Delhi High Court directs consortium on clinical trials for rare disease. (Image: PTI)
Delhi High Court on Monday directed the National Consortium for Research, Development and Therapeutics for rare diseases to hold a meeting and give recommendations regarding funding of clinical trials for DMD, a rare disease.
The high court said the consortium, which shall hold the meeting by March 26, is free to call for participation of any other agency or person whom it deems appropriate to be required for making the recommendations, which shall be comprehensive in nature.
The consortium shall consider the age of children whose lives may be completely curtailed if treatment is not commenced and the expenses, which may be incurred for providing the medicines, it said.
The consortium shall deal with the possibility and feasibility of exploring indigenous therapies in the already-approved trials and any negotiation or arrangement to be entered into with the companies who already have approved therapies for rare diseases in India.
Justice Prathiba M Singh said the consortium shall then place its recommendations before the court in respect of funding for the clinical trials and also the manner in which an earlier court order is to be implemented.
In December 2021, the court had directed the All India Institute of Medical Sciences (AIIMS) to forthwith start treatment of eligible children suffering from rare diseases and asked the Centre to provide funds, saying it was painful to see kids in this situation and that they could not be made to suffer.
The petitioners before the court are children suffering from several rare diseases, including Duchenne Muscular Dystrophy (DMD) and Mucopolysaccharidosis II or MPS II (Hunter Syndrome). They have sought directions to the Centre to provide them with uninterrupted and free treatment as the therapy for these diseases is very expensive.
DMD, one of the various forms of muscular dystrophy, is a rare genetic disease that almost exclusively affects boys and causes progressive weakness. MPS II is a rare disease that is passed on in families and it mainly affects boys and their bodies cannot break down a kind of sugar that builds bones, skin, tendons and other tissues.
During the hearing, the court was informed that four candidates have been found to be capable of being included in the clinical trials and they will be physically examined and requisite tests conducted on March 9 (Thursday).
The doctor concerned from AIIMS submitted that the parents of the children would also be informed about the details regarding the trials, which can be commenced if they agree.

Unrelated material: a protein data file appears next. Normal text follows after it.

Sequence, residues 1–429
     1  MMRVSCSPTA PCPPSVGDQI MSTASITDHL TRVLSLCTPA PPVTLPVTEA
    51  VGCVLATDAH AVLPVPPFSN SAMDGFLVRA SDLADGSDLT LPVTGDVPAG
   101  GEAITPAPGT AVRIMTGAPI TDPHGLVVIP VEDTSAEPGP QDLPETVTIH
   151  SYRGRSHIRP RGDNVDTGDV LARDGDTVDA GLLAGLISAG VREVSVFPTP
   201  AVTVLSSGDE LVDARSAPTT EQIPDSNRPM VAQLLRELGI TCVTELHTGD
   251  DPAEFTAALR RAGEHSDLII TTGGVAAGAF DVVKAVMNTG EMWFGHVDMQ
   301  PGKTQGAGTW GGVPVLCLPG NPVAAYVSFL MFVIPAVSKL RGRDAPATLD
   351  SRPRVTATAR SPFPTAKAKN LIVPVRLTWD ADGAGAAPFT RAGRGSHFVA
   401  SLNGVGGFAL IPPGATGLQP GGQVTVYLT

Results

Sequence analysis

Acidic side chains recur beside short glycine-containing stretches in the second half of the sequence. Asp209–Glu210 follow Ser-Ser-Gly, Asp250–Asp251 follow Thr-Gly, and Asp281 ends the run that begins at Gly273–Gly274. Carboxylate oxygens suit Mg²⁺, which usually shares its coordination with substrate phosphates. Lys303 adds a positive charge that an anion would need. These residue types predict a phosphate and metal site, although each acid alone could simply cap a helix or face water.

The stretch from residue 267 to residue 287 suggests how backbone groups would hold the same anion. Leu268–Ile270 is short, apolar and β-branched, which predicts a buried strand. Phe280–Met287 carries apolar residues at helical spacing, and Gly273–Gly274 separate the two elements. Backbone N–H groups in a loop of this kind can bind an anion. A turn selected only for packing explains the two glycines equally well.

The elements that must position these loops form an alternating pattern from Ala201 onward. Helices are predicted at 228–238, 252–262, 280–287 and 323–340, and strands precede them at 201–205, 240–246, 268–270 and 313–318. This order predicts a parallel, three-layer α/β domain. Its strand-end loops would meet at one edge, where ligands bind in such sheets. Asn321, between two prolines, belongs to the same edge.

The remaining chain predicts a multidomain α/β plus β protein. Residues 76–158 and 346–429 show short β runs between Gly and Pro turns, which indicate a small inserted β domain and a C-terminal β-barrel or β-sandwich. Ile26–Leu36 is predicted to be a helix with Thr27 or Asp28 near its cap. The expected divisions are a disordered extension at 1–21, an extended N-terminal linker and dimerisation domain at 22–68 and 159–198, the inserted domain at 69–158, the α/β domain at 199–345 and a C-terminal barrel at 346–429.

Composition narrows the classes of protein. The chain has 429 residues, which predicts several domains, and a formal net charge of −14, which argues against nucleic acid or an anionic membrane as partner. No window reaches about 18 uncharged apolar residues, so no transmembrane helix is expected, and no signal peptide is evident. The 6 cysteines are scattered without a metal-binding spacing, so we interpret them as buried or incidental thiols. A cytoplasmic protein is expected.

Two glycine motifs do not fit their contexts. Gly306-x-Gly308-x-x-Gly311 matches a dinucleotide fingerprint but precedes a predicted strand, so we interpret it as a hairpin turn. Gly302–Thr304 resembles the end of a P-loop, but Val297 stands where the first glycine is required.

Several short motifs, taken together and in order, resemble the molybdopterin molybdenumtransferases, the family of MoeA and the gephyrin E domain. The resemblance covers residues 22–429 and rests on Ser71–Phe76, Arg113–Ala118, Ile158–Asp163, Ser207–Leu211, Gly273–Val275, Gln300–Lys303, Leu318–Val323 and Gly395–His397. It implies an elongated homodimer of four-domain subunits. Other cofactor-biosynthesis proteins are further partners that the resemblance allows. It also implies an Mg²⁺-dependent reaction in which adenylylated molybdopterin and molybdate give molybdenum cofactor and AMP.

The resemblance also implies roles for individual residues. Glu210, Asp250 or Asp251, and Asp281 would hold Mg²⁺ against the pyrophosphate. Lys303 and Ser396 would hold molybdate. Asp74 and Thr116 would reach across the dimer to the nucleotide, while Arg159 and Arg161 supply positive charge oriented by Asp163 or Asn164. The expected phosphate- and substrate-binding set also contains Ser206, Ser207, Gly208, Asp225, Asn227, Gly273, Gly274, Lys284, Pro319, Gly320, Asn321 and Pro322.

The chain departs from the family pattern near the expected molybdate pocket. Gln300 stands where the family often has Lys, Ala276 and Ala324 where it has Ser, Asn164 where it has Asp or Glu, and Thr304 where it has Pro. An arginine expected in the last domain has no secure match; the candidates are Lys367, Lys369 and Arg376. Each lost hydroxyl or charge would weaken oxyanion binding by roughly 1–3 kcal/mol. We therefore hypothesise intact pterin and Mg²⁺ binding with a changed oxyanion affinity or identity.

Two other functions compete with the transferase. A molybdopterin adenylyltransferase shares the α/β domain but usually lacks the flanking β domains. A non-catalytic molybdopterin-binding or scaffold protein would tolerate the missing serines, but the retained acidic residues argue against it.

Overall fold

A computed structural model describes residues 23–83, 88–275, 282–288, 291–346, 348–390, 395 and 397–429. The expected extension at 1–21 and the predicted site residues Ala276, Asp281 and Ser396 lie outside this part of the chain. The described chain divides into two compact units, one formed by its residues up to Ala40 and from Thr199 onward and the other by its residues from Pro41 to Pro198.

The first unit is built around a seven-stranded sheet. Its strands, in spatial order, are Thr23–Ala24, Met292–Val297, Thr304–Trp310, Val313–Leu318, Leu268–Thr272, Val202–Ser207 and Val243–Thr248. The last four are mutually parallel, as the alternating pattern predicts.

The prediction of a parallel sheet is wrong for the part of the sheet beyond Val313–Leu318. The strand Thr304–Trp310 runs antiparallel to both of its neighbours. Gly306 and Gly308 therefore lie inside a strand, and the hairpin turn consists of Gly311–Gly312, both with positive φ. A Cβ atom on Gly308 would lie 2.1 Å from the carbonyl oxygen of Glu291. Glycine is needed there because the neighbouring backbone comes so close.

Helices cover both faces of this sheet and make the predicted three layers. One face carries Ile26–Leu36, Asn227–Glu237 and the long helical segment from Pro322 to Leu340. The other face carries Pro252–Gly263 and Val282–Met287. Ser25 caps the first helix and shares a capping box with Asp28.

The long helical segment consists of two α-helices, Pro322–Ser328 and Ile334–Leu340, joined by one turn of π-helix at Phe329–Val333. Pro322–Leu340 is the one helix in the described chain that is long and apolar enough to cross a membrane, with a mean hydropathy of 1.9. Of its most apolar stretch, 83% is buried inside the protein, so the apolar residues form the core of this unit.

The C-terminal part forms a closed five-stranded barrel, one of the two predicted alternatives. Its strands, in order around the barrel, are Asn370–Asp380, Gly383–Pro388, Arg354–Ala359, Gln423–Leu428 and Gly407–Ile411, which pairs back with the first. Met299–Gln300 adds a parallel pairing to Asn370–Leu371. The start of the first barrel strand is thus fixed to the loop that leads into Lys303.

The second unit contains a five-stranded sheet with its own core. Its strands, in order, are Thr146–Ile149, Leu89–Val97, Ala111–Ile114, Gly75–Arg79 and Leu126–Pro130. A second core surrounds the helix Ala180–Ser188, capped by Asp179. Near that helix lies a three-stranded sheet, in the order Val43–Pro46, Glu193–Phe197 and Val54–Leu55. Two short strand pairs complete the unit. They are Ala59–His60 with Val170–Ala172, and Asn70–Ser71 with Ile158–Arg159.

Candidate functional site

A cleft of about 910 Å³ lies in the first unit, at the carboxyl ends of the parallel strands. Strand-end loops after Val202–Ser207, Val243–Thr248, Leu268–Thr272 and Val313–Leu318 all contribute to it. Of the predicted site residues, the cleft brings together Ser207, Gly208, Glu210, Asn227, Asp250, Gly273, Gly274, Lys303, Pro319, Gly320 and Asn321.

The court was informed by the doctor that a clinical trial is being conducted here by 'M/s Sarepta' with a few patients, including one of the petitioners, and the company has now sought permission from the authorities for inducting more patients.
The court asked AIIMS to file a status report regarding the treatment of these children.
It also said that in the meeting of the consortium, the other Centres for Excellence (CoE) can also be consulted to see the estimate of candidates who will require medicines for treatment of rare diseases in the entire country.
The high court had earlier expressed displeasure over being "kept in dark" about an ongoing trial here for DMD when it was dealing with issues pertaining to its indigenous treatment on petitions by several affected children.
The court had said the petitioners before it could have participated in the trial had it been informed about it earlier and asked AIIMS to give a report with respect to the possibility of the children participating in the trial after their evaluation.
Last year, the court had observed that DMD being a rare disease prevalent in a large number of patients in India, indigenous development of therapy was extremely crucial in order to avoid investment on expensive medication, which is also not easily available in India.
It had said the consortium should consist of the Department of Biotechnology, Indian Council of Medical Research, Council of Scientific and Industrial Research, Drugs Controller General of India other related ministries and departments and look after research, the development of indigenous treatment, manufacturing of drugs and inclusion of persons in clinical trials.
In December 2021, the court had directed AIIMS to start the treatment of eligible children suffering from rare diseases and asked the Centre to provide funds, saying it was painful to see kids in this situation and they could not be made to suffer.
It had said the direction to AIIMS and other CoE to commence medical treatment of these children would include procurement of medicines, the expense for which would be borne by the central government and the funds given to the CoE.
Earlier that year, the court had passed a slew of directions in connection with the treatment of persons with rare diseases, including a direction to notify the National Health Policy for Rare Diseases by March 31, 2021, and setting up a National Consortium for Research, Development and Therapeutics, a rare diseases committee at AIIMS and a fund for such ailments.
This year, the court directed the Centre to release Rs 5 crore to AIIMS for treatment of children suffering from rare diseases.
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